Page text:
By Wes Doss, PhD, Khyber Interactive Associates, LLC

BA SoftshellObviously, our range gear is vital to training, just as our clothing and footwear are for all our functions, but what if our gear is not really getting the job done, leaving us cold, wet, or uncomfortable?

When I was still traveling the world for Uncle Sam, enduring the exhausting 34-hour trips to the Middle East or other faraway lands and in climates ranging from arid deserts to snow-covered mountain passes, we were busy, moving around, occupied with the tasks at hand tougher than now (at least in our minds). Weather-protective garments made of permeable fabrics or comfortably insulated garments were often referred to as “snivel gear,” and most of us ran around wet and cold, uncomfortable, but apparently tough or at least upholding the image of tough.

QuotesThe reality is the right shell, the right pair of pants, the right pair of boots, the right pair of socks, or the right fabric can greatly enhance performance and safety in both the training and operational environments.

Protecting the wearer from cold or heat weather injuries, helping to sustain readiness in harsh environments, supporting muscles and joints under stress, and just generally contribute to a better quality of life in some pretty messy places.

Kinetic CloseupI’ve had the privilege (and I do mean privilege) of working all over the world with some amazing people and under some challenging conditions. High altitudes, extreme cold weather, uneven terrain, high temps, and yes, as a police officer, accident scenes on hot liquefied asphalt (you know, the kind where you leave foot prints). Early in my career, the technology in fabrics and support material was minimal.

In fact, in 1984, when I enlisted in the US Army and went active duty, we were still wearing a combination of Korean War and Vietnam War technology clothing. Lots of heavy cottons, minimally effective insulation, thin wool socks, negligible arch support in footwear, and many of us became a product of the gear we used, carrying the results of injuries to this day. As a teen, I had backpacked, climbed, and skied across the southwest and knew from experience there was something better, but just not available to us in uniform. Then along came the first generation Extended Cold Weather Clothing Systems (ECWCS). The military and other uniformed entities began to recognize the protection offered by permeable fabrics, the value of lighter, more efficient insulation, and the dynamics of synthetic fabrics over cotton.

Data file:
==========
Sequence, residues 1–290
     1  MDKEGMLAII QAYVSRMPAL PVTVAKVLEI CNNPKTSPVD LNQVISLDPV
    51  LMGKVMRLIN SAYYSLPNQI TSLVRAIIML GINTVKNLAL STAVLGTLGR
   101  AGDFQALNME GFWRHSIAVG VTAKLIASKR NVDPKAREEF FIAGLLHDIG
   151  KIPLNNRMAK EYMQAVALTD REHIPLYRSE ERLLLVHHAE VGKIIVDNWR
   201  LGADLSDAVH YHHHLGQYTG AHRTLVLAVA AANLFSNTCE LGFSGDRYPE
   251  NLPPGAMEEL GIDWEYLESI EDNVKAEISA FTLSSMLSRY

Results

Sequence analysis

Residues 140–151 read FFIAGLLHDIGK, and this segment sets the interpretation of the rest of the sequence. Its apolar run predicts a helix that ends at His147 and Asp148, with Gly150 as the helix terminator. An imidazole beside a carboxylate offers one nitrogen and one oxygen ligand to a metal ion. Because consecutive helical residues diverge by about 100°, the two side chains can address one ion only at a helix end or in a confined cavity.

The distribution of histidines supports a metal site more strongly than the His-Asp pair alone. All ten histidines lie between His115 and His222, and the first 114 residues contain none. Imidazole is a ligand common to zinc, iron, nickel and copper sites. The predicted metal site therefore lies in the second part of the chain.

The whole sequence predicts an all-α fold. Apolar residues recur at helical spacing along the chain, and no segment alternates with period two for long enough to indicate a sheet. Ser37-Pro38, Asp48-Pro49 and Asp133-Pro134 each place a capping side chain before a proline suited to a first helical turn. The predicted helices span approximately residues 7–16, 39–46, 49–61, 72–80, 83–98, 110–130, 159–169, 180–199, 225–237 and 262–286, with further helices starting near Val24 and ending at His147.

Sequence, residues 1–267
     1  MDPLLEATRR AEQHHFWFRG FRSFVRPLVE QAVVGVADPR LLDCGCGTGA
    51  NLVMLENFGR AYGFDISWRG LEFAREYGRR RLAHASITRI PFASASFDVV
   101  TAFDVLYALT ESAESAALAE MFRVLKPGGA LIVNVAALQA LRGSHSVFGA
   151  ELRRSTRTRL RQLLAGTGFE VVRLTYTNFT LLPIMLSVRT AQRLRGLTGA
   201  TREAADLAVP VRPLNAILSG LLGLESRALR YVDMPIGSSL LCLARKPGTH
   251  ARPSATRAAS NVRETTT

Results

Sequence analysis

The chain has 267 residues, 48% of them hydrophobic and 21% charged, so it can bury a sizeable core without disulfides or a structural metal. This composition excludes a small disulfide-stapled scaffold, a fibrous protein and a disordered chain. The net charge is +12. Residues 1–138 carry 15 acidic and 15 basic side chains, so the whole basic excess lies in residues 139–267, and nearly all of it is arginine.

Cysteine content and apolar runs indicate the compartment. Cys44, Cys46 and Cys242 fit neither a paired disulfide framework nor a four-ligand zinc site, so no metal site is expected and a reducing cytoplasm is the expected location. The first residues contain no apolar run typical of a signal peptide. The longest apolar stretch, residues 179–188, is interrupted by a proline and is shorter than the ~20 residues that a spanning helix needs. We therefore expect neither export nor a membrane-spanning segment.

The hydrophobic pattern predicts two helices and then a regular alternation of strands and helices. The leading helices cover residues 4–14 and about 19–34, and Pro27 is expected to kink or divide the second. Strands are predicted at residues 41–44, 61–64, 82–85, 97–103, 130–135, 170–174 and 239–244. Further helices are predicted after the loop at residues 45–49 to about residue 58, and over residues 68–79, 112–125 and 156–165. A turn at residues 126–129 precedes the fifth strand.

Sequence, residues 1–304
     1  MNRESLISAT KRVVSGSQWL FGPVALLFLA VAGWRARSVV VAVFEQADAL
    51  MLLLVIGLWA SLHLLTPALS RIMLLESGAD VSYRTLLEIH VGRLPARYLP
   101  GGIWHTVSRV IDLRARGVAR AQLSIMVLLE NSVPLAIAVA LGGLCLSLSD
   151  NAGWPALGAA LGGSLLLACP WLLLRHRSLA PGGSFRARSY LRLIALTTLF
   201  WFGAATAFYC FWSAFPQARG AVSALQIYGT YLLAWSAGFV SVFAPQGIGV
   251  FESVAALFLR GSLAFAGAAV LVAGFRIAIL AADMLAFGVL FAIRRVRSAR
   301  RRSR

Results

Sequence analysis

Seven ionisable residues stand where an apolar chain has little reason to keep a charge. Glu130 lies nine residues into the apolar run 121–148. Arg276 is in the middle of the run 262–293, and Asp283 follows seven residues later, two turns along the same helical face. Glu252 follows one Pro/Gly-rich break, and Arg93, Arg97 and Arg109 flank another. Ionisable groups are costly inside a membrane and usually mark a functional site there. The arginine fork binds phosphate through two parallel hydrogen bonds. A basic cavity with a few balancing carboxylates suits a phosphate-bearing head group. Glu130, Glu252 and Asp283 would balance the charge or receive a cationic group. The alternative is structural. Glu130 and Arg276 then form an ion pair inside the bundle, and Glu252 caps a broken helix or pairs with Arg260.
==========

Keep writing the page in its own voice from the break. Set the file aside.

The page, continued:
Series 300The new gear and clothing was a game changer. It allowed us to work harder and sustain longer under adverse conditions. Imagine if the troops in the Battle of the Bulge or the Chosin Reservoir had had such things.

QuotesThe fact is, the right gear and clothing are far from “snivel gear.” It’s mission-and safety-enhancing, but it requires the end user to make informed decisions about what gear and clothing to use and under what conditions.

Understanding your needs is crucial; otherwise, you could be moving to the other end of the comfort and protection spectrum, ultimately missing what you’re trying to accomplish. Remember, clothing and gear is not solely a comfort issue, but a safety and protection issue that can mitigate repetitive use injuries, sprains, pulls/tears. So be informed, make good decisions, make sure everything fit appropriately and it addresses the demands you’re under. My final message as always: train hard, train right, train to win!

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